Azure Service Bus is an easy and simple way to get started in the cloud messaging space when you need a highly-reliable cloud messaging service between your applications and services.
I recently had someone ask if there were some simple scripts they could use to get started as they weren’t too interested in the portal for provisioning and wanted to keep things automated in PowerShell until they were ready to go full ARM.
I threw together a few simple scripts to create a Service Bus, Queues, and Namespace Authorization Rules. You can find these and any other new scripts for Service Bus over at my GitHub
Let me know what you think and feel free to submit a pull request!
I recently had a peer reach out and ask if there was a simple way to convert Epoch to Windows time. Being the quick thinker and lover of PowerShell I was I quickly responded with a resounding – YES!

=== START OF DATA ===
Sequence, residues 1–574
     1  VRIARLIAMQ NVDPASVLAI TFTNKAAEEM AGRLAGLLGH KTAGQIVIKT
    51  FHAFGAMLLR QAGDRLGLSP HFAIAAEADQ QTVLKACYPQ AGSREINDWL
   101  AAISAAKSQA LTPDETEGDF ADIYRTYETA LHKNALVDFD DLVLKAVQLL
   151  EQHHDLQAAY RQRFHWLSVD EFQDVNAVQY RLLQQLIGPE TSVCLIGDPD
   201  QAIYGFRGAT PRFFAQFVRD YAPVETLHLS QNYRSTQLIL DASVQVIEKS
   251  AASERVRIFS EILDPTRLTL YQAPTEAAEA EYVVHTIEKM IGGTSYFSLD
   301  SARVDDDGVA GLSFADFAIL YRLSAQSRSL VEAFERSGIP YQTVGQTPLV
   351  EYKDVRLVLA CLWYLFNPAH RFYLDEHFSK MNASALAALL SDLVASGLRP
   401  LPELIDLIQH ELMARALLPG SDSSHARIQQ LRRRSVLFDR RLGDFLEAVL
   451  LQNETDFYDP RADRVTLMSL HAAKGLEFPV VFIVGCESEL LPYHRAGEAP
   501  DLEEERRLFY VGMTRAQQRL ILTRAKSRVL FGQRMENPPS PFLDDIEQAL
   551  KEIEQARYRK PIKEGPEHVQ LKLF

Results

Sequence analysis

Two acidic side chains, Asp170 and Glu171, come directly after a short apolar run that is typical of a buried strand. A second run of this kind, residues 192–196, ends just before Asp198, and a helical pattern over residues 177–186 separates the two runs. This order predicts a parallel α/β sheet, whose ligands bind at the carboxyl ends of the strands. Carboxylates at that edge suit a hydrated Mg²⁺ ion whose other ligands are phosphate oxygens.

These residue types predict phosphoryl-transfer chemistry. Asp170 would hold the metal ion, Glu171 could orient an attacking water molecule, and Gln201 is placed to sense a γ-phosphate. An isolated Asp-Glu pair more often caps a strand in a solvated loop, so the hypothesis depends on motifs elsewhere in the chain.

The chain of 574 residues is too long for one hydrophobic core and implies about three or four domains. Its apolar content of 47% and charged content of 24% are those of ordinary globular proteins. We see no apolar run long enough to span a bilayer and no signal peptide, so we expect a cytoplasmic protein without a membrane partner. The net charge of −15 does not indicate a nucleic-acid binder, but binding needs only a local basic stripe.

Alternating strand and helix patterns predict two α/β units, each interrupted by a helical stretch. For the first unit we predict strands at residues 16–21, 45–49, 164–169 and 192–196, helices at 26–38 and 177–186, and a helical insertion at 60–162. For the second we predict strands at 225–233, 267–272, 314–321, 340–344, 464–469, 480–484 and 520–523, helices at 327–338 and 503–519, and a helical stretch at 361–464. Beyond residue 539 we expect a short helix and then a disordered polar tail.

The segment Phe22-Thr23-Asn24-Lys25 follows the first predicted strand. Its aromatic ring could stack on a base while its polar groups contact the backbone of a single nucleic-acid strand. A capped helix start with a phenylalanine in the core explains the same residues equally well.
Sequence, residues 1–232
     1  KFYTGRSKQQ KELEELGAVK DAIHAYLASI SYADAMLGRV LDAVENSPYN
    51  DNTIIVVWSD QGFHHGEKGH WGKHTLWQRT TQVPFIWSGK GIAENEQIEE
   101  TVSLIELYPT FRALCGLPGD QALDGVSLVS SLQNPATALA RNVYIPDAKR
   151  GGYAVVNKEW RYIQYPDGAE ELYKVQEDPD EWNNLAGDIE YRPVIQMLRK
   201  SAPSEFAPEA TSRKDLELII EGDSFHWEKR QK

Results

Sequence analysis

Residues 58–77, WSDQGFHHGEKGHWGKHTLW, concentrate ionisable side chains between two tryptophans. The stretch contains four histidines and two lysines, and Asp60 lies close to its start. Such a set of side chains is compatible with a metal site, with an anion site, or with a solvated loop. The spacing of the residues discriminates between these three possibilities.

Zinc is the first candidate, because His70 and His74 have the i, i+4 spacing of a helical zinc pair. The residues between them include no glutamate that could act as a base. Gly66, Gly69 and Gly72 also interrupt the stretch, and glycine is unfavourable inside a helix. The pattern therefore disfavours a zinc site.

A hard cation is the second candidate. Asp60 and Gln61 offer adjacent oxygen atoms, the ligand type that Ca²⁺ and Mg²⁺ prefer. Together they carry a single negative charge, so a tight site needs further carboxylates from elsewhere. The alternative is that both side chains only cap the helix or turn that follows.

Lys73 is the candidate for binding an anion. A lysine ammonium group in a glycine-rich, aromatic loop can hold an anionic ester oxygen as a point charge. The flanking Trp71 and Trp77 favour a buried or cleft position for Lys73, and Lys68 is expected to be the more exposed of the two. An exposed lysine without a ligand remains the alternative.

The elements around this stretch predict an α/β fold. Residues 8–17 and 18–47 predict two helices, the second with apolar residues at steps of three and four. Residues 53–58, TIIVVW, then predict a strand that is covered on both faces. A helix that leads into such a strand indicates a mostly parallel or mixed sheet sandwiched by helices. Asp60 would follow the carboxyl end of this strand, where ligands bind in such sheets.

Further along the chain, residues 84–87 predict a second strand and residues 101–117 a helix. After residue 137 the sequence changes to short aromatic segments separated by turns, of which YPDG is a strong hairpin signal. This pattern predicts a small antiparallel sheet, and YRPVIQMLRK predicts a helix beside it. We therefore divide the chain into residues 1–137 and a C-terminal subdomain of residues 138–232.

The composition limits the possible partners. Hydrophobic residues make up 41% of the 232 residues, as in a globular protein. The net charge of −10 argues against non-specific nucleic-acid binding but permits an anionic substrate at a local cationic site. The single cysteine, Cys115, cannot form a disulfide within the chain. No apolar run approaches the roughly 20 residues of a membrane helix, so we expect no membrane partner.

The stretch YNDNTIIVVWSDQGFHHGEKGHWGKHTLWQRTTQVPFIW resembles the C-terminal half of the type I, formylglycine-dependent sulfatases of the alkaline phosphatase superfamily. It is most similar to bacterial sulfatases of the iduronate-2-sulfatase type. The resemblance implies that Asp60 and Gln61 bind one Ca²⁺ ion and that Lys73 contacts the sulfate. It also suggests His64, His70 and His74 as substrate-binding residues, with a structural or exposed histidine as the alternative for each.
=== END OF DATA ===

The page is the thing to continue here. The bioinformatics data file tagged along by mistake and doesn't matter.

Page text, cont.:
I told him, “Send me an Epoch (Unix) time and I’ll convert it in a jiffy.” and so he did, and thus the best converter in the world was born!!!
Fun fact before we get started:
On Friday, February 13, 2009 at 23:31:30, the Unix time was 1234567890.
So here’s The Skinny:
$UnixEpochTime = 1484784000000 $Date = Get-Date "1/1/1970" $UnixTime = $UnixEpochTime / 1000 $date.AddSeconds($UnixTime).ToLocalTime()
In the first line, you can see we hardcoded the Epoch to test a known fixed time
Next, we initialize a date in the format he wants it in.
Then, we divide Epoch time by 1000.
Finally, we take the calculated Epoch and add that time to our local time to get………
Wednesday, January 18, 2017 7:00:00 PM
I’d recommend putting a read-host in there so it can take any input or turn it into a function so you can just make a call to something like a -Time parameter and get the output. You can find the full code here on my GitHub as well.